Last Updated: February 25, 2016
· deleteman

Turn an IF-ELSE statement into a one liner without using a ternary operator

We all know about the ternary operator, I'm not talking about it. I'm talking about dealing with something like this:

if(Array.isArray(mixedVariable)) {
   mixedVariable[idx] = value;
} else if(!NaN(mixedVariable)) {
   mixedVariable = value + 10;
} else {
   mixedVariable = value;

In that case, a ternary operator is not enough. But we can also turn it into

((mixedVariable[idx] = value) && Array.isArray(mixedVariable)) || ((mixedVariable = value+10) && !isNaN(mixedVariable)) || (mixedVariable = value)

Having the assignments surrounded by parenthesis is crucial, otherwise you'll end up having a boolean value on the first two cases.

It might be helpful in some cases to simplify some statements and in some other cases it might be a very bad idea to write your code this way. Left to the developer's discretion.

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The one-liner example you provided is too cryptic and unreliable, I would prefer the first code block in this case. I like using logical operands for quick short conditionals but I rarely go beyond something like

someCondition && doActionIfTrue();
anotherCondition || doActionIfFalse();

I came up with the following rules of thumb in that area:

  • Never use assignments in conditionals (even in a regular if-block). They are easy to overlook, besides you have to enclose them in extra parentheses if you want to use them in a one-liner (looks a bit messy)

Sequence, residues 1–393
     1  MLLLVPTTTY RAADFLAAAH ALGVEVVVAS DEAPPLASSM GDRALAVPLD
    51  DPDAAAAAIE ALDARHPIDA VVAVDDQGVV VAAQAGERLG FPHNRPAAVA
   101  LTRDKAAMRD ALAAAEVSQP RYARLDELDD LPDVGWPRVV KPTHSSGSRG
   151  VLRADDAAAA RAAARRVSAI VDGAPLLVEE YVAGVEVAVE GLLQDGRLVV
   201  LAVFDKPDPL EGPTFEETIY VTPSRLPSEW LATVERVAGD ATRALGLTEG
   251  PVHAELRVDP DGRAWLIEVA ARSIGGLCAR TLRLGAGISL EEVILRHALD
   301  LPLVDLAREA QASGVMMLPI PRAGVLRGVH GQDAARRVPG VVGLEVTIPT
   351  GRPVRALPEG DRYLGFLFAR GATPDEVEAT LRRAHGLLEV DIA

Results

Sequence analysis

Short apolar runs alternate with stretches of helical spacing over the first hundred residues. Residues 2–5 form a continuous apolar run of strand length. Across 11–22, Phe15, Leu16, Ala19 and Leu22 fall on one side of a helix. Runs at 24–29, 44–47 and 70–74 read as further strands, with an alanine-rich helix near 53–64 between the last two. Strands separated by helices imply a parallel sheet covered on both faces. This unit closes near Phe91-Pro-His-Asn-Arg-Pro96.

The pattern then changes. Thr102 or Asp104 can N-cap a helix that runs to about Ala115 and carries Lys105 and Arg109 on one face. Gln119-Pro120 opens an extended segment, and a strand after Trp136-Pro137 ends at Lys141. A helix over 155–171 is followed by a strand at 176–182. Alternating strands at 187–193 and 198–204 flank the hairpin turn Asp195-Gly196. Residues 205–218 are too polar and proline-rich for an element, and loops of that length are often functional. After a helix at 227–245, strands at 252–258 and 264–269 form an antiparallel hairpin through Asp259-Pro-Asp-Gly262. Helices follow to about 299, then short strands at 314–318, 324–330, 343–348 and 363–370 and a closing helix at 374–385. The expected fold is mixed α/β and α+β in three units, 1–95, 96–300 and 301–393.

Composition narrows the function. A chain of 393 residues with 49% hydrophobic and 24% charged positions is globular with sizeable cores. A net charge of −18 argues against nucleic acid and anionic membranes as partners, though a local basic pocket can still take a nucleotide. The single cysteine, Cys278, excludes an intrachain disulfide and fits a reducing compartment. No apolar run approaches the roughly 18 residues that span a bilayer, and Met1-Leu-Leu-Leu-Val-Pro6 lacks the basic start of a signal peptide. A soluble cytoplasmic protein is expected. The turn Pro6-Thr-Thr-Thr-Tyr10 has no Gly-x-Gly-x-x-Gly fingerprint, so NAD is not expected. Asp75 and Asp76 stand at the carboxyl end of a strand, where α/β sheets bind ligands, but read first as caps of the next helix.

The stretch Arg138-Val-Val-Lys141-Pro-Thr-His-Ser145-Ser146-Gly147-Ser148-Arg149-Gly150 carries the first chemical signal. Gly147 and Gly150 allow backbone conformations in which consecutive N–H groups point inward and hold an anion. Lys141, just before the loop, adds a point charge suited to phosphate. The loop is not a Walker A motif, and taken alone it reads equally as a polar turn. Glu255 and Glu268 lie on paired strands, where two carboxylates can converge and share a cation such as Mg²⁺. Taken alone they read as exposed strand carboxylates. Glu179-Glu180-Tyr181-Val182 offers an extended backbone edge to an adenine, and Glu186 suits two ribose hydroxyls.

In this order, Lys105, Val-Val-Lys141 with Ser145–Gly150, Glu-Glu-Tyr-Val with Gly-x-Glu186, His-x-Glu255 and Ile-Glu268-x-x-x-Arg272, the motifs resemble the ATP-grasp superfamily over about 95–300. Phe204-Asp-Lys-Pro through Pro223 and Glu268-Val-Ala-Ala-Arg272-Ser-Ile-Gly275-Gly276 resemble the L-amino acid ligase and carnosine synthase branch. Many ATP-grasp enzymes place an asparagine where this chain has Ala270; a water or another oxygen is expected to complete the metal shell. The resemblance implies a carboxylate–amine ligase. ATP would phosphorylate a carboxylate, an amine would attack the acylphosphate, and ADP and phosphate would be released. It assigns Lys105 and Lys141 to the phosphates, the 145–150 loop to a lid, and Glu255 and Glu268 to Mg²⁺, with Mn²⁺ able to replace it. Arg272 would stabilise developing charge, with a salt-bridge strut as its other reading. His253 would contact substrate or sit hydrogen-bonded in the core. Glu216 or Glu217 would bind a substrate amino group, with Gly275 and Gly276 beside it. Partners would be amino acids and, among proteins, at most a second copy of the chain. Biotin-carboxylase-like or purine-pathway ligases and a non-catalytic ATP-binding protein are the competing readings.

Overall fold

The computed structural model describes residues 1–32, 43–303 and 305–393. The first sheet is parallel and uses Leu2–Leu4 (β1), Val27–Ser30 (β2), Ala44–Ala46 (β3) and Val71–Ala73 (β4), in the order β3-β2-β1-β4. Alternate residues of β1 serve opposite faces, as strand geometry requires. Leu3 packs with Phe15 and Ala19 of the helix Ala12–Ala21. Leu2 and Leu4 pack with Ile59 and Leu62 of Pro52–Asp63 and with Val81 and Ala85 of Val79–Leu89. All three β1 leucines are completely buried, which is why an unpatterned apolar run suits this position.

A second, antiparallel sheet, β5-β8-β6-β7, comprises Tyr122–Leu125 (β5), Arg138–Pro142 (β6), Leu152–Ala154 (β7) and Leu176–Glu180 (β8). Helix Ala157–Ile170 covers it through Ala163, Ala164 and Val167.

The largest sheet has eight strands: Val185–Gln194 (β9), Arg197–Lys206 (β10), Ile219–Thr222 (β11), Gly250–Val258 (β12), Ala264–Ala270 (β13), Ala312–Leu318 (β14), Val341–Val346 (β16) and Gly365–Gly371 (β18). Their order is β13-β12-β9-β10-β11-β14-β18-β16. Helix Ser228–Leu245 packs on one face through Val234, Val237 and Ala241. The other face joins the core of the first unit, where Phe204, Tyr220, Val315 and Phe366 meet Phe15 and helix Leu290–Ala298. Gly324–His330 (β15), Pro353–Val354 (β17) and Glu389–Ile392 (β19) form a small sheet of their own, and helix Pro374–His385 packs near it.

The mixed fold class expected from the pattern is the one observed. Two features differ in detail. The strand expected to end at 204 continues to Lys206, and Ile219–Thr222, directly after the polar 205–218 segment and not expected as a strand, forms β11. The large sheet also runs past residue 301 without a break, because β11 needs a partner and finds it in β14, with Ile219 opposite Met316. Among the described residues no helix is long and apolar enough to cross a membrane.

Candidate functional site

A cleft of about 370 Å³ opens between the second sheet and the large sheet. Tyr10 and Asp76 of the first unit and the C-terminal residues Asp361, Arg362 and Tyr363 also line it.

• Don't use more than 1-2 actions in a logical one-liner (someCondition && doActionIfTrue();)
  • If you want an if-else one-liner substitute, it's better to use the ternary operator instead if && and ||, especially if you want to assign assign the result of the expression to a variable. E.g. x = condition ? method1() : method2() is shorter and also more robust than x = condition && method1() || method2(), because in the second case you won't get the intended result if condition is true and method1 returns false
  • Sometimes it's OK to nest ternary operators but not deeper than 2 levels (and definitely break it into several lines with nice formatting)
  • Finally, clarity is more important than brevity. Please don't write one-liners like in the original example.
over 1 year ago ·

Thanks for your comments, I appreciate your input and I do agree with you in all of those points, but I have come to use this in some cases, so I thought I'd share it here.

over 1 year ago ·

That's not a good example, while simple examples such as dpashkevich pointed out can improve readability example you provide doesn't. And on top of that it makes code harder to modify and refactor.

over 1 year ago ·
Img 1931

Never say never, re-assignment in conditionals is a fairly popular and general practice.

over 1 year ago ·

Thanks, finally someone said the magic words... "never say never", that's the whole point of this pro-tip..

over 1 year ago ·

'cause fuck readability, that's why

over 1 year ago ·

Indeed :)

over 1 year ago ·